Michael Tilson Thomas
Interview Excerpt #4
FRANK J. OTERI: Well, it’s interesting taking it out of the music ghetto because in so many other worlds, in the art world, there’s a healthier dialogue between old and new. There are museums where you can see the great work of the past all over the world, and there are very lively gallery scenes in many communities where you can see the most cutting edge things. And in the publishing world, you can always buy the classic novels and classic poetry, but also the newest thing. But with our music culture, we lump old masterpieces and "oh we’re scared of that" new music together in a ghetto, and then there’s pop music which doesn’t connect to at all.
MICHAEL TILSON THOMAS: Well, musical civilization is certainly under attack partially because of the economics and commercialism associated with it. I have a terrible fear that ultimately, all musical moves will be gobbled up by the voracious maw of backbeat, and that’s all that will be left of music—DUMM, da-DUMM kuta DUMM, which will be a very sad thing. But you know in the contemporary art world, you pose a very interesting conundrum. All sorts of people collect very contemporary art, yet when it comes to the music which is analogous to that sort of art, they are not interested, or perhaps even hostile.
FRANK J. OTERI: Um-hmm…
MICHAEL TILSON THOMAS: Why is that? Is it because, fine if you buy a very avant-garde picture of some sort, first of all, you have a sense that it’s worth something and it will become worth more. So that a lot of people have this oh wow, a lot must be good. Surely it must also partially be because the picture’s there and you can look at it, but you can also decide not to look at it.
FRANK J. OTERI: Well you know that’s interesting.
MICHAEL TILSON THOMAS: But music is totally enveloping. That’s one of the things music does. It surrounds you, it comes right through all of your sound receptors into your neurons. It’s the closest thing to actual experience, actual emotional experience of some sort, which perhaps a lot of people don’t want. And it’s a very curious thing you know that I can sometimes be dining with people who are interested in music and interested in art and they will be talking about their Rauschenbergs and Twomblys, and whoever, whoever. And then when they talk about their musical likes, they’ll say they really like Andrea Bocelli…
FRANK J. OTERI: [chuckling]
MICHAEL TILSON THOMAS: …and they like Kenny G…
FRANK J. OTERI: Oh no!
MICHAEL TILSON THOMAS: They mention these things. And I’m somewhat taken aback because I don’t know how I could tell them that the visual equivalent of this sort of music that they like would be something like portraits of Elvis painted on velvet.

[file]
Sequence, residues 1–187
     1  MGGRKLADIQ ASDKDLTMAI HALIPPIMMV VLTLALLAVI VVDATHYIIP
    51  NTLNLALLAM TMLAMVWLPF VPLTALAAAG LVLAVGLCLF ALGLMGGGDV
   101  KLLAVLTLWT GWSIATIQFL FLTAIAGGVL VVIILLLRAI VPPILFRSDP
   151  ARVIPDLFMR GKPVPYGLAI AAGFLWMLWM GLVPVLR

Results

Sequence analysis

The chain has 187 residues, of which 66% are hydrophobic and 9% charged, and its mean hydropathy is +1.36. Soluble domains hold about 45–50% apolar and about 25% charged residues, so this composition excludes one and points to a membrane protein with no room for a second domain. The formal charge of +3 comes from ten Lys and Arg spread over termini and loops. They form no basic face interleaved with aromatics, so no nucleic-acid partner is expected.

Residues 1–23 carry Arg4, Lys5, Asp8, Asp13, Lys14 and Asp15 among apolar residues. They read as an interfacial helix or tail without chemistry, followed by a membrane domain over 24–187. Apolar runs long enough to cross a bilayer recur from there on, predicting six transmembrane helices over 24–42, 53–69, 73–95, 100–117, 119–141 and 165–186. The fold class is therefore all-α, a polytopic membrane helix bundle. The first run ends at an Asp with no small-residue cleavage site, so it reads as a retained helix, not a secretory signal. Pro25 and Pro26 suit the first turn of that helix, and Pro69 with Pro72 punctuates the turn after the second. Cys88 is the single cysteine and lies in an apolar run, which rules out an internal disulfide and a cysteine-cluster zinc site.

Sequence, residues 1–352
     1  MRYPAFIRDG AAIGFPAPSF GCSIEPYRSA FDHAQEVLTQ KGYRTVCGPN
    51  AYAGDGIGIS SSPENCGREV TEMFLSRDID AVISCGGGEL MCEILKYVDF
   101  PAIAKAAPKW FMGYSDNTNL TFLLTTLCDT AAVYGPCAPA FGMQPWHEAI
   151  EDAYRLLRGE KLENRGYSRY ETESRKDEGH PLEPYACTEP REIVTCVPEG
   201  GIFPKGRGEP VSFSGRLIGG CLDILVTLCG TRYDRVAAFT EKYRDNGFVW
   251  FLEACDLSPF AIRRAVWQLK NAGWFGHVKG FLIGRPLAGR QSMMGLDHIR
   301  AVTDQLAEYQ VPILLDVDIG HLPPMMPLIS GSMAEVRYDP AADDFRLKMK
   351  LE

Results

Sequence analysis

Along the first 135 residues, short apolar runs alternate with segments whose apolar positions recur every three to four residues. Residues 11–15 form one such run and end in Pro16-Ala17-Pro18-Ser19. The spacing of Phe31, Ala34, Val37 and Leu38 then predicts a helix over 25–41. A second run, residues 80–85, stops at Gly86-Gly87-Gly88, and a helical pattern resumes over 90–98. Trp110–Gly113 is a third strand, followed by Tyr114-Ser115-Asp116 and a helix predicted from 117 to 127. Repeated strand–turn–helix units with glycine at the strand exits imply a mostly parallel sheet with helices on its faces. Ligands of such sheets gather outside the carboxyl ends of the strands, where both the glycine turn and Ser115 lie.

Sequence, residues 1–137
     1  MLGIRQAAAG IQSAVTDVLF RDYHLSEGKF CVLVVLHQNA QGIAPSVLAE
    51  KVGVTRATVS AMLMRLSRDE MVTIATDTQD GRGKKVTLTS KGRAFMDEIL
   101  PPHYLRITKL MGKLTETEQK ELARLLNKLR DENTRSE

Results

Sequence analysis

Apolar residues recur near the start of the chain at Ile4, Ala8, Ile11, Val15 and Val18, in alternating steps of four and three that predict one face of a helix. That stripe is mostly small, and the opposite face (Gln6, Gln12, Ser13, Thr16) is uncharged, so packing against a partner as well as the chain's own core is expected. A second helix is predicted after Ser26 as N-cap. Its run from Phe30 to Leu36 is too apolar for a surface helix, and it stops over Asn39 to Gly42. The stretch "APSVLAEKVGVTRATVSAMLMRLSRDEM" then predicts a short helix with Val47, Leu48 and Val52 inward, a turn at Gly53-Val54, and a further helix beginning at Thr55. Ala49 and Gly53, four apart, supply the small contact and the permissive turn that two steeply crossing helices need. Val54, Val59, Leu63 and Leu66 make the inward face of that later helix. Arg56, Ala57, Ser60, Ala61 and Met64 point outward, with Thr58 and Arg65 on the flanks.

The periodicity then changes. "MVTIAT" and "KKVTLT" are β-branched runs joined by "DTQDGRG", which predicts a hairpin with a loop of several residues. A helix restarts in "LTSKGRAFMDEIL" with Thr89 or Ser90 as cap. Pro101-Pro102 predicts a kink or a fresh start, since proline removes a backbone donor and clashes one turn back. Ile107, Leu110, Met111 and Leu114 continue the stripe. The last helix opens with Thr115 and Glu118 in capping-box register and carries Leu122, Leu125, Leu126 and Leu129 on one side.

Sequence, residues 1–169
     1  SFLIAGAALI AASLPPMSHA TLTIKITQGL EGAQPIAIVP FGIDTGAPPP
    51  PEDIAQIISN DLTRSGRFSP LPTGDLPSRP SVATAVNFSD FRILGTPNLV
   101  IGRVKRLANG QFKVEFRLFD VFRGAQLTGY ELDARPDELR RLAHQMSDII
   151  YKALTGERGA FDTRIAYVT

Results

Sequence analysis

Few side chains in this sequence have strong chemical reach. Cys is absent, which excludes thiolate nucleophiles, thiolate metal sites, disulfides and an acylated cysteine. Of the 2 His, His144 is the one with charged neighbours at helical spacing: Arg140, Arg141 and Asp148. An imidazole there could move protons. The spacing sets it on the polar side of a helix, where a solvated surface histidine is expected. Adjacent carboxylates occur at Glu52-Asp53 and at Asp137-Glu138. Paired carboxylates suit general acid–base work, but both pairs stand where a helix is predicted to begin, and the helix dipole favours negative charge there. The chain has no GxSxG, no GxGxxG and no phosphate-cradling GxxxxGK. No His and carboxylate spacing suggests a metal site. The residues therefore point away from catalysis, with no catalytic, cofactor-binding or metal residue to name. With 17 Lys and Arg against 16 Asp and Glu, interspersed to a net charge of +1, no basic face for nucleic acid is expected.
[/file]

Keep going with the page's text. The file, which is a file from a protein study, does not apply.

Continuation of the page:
FRANK J. OTERI: [laughter]
MICHAEL TILSON THOMAS: There’s a tremendous disparity and discontinuity between where they are in their art taste and where they are in their musical taste and they don’t perhaps realize that it’s time for them to get past this.
FRANK J. OTERI: Well, you’ve now made me think about this in another way. Years ago, I got into a huge argument with somebody at a music management firm when there was the big Mondrian exhibition at MoMA in New York City. There were lines around the block to see Mondrian. And I said, why not produce a concert at Carnegie Hall of the complete music of Varèse. You’d have a line around the block, too. And she went off. "Music doesn’t work that way." Because you have to sit there and listen to it; whereas, with art you can look at it and walk away. But, if you’re buying a painting, you have to live with that painting in your home for the rest of your life. But a piece of music that’s distasteful on first listening will probably only last about 25 minutes. If you’ve got a painting that is the visual equivalent of something very disturbing in music and you have it in your home–and I never thought about this before–you’re looking at it for the rest of your life. But of course the more you look at something, the more you can explore the exciting things that are in there that you might not see initially. And I imagine if somebody were to hear a piece of music by Varèse fifteen times that was off-putting the first time, by the fifteenth time I think most people would find it beautiful.